In the Danish animated film Little Allan – The Human Antenna, a young boy finds an unexpected ally in an alien girl researching Earthlings for a school presentation. The film’s director, Amalie Næsby Fick, talks about overcoming anxiety, moving between live-action and animation, and working harder than ever even during lockdown.
Amalie Næsby Fick | Photo by Philip Davali
“My name is Obama, and I come from Silkeborg!” insists the alien girl Maiken, her green face hidden behind a cardboard mask, after crash-landing her UFO in the middle of Taarnby, a sleepy town outside of Copenhagen. “My interests are fish and the internet!”
Her clever disguise doesn’t quite fool the 11-year-old eponymous protagonist of Little Allan: The Human Antenna, a new Danish animated film from director Amalie Næsby Fick. Little Allan has just moved to town with his father following his parents’ divorce, and has spent his first night there hanging from the roof of the building wrapped in tinfoil, hoping to help his eccentric new neighbor Helge contact alien civilizations – and prevent the invasion Helge insists is imminent.
But Maiken isn’t here to enslave humanity. A kid herself, she has come to research Earthlings for a school project, only to find herself stranded when the local janitor nabs her UFO before she can get back to the cosmos. Now it’s up to Little Allan and Helge to help get Maiken spaceborne again – while keeping her hidden from the janitor’s brother, an avid taxidermist on the lookout for an exotic specimen. “Finally, we shall have an answer:” exclaims the murderous collector at one point. “Is there life in the universe – and can it be stuffed?”
Since graduating from the National Film School of Denmark in 2016, Amalie Næsby Fick has moved seamlessly between animation and live-action, co-directing the successful animated film The Incredible Story of the Giant Pear (2017) before helming the acclaimed live-action web series Sex (2020), which premiered at the Berlinale, on her own.
Little Allan: The Human Antenna has long been a dream project for the director, as she first read the children’s book of the same name, by comedian Peter Frödin and author Line Knutzon, when she was still in film school. She was immediately drawn in by what she calls the poetry and humor of their universe, and when the chance came to direct an adaptation after working with Peter Frödin on The Incredible Story of the Giant Pear, Amalie Næsby Fick sought inspiration in the films of her childhood.
While namechecking Spielberg classics – E.T.: The Extraterrestrial being the obvious comparison – Amalie Næsby Fick reveals that a much closer inspiration was the 1993 family adventure Free Willy, about a young boy who saves an orca from greedy aquarium owners. “It’s a film that really takes its tone seriously,” she explains. “It fully embraces the world of its child protagonist while also insisting on this fantastical adventure. That was a big inspiration.”
Along with screenwriter Thomas Porsager, Amalie Næsby Fick set about adapting the book and decided early on to use Allan’s gradual acceptance of his parents’ divorce as a narrative throughline for the film.
A shy kid, Little Allan puts on a brave face and insists he’s fine, but, like the lovelorn and neurotic Helge, he has simply built a protective wall around his feelings. “Allan internalizes his feelings, so he has built this reality around himself where his mother doesn’t have the energy to see him. The characters are all united by a shared sense of anxiety, carrying pain that they’re unable to overcome,” explains Amalie Næsby Fick. “That’s an aspect of the story that was close to my heart because I also suffer from anxiety.”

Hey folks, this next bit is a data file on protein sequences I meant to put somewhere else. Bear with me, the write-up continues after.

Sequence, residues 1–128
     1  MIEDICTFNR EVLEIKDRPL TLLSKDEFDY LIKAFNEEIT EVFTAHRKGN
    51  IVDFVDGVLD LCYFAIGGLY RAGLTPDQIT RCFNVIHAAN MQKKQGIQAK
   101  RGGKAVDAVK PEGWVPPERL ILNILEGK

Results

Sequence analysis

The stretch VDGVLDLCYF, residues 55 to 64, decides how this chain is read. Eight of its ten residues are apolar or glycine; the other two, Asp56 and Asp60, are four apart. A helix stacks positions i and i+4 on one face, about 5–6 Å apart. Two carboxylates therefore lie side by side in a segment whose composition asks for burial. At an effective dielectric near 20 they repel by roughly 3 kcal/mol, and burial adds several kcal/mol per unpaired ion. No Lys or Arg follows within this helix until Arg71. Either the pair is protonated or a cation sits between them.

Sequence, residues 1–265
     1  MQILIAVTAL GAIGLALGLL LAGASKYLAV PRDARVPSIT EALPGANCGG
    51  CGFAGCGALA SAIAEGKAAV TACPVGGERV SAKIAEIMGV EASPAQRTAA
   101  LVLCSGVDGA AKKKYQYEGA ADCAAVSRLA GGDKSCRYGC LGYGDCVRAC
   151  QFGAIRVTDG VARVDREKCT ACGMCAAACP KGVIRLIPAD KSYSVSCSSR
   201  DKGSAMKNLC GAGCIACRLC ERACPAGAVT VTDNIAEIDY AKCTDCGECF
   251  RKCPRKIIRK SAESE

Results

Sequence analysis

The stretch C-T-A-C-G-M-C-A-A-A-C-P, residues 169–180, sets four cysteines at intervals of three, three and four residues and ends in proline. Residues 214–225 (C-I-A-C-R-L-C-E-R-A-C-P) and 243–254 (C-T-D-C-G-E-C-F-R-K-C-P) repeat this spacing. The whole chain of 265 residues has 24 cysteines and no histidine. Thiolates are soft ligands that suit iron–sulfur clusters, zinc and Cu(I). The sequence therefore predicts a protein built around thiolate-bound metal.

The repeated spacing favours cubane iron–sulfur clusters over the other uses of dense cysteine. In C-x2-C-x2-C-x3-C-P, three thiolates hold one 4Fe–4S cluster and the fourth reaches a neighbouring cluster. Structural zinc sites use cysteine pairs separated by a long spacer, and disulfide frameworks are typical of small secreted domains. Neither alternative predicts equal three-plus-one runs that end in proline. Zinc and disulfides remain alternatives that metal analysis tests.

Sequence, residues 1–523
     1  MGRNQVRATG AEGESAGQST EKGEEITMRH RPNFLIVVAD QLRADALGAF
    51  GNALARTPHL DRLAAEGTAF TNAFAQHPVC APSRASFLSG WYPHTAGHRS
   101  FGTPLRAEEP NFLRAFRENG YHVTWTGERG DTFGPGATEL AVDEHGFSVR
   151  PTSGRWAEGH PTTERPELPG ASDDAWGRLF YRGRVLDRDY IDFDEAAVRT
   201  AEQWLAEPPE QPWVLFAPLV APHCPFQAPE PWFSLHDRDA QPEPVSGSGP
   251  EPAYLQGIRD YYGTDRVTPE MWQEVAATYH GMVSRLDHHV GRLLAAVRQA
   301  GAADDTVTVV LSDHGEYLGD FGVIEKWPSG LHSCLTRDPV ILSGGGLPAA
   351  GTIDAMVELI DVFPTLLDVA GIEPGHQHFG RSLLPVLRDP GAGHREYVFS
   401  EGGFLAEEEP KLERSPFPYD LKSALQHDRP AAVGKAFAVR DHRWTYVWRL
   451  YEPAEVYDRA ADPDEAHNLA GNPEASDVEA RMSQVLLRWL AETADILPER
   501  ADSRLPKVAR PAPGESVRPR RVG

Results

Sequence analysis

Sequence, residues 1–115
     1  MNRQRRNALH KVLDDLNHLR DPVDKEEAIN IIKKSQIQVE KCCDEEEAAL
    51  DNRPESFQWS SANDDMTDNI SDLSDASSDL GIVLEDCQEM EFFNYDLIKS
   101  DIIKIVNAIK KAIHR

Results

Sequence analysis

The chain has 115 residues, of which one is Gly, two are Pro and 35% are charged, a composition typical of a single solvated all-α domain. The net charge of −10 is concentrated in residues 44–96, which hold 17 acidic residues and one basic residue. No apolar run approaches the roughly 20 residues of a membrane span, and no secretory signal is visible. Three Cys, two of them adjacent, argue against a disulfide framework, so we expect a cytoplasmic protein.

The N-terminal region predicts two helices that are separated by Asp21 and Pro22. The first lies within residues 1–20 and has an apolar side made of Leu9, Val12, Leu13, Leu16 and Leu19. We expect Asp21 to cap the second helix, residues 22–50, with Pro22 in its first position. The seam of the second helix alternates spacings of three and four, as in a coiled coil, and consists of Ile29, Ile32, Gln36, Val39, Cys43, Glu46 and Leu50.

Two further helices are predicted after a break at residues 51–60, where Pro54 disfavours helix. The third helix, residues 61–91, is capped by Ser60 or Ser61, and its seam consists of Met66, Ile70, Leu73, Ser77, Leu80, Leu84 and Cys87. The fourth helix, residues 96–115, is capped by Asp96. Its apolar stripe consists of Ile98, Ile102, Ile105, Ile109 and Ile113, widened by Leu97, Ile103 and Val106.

As a contrast, the forthright Maiken is able to read thoughts and is puzzled by why anyone would ever want to keep them to themselves – on her planet, it’s impossible not to tell people how you’re feeling. “Telling people how you’re actually doing can feel like this completely insurmountable barrier, like this mountain you can’t climb. It feels dangerous. But once you start talking to people, you realize that that feeling actually can go away. So, on a personal level, that’s something I really wanted to say with the film.”
When the pandemic hit, Amalie Næsby Fick was impressed by how quickly production managed to adapt to an online workflow – while still working at a higher capacity than she had ever done before. “The animators had to deliver 22 seconds per week,” she confides, pausing for emphasis. “That is a lot. And it’s a lot more than I tried doing before. But because it was so well-planned, and because we were so clear about the animation style, we were able to work much faster.”
“That doesn’t mean I’m saying you should do 22 seconds per week,” she is quick to add. “I’d much rather do less, but I think it went well. And people were fucking awesome, you know?”
With production nearly wrapped on Little Allan: The Human Antenna, there is the question of whether a sequel might be in the offing should the first film do well. “Well, there is one more book, Little Allan and the Doppelganger School,” explains Amalie Næsby Fick. “And of course that’s something we’re talking about. We’ll have to see if it’s possible.”
But Amalie Næsby Fick isn’t about to start fixating on any one project. Already deep into production on an unnamed Danish-language Netflix series, she doesn’t limit herself to animation or live-action, but moves freely between both. “I think it’s nice to be able to move freely,” she explains, before summing up her storytelling approach: “That way, I always stay in service of the story.”
Written by Niels Jakob Kyhl Jørgensen
Photo by Philip Davali
Images and artwork courtesy of Wil Film. ©2021, all rights reserved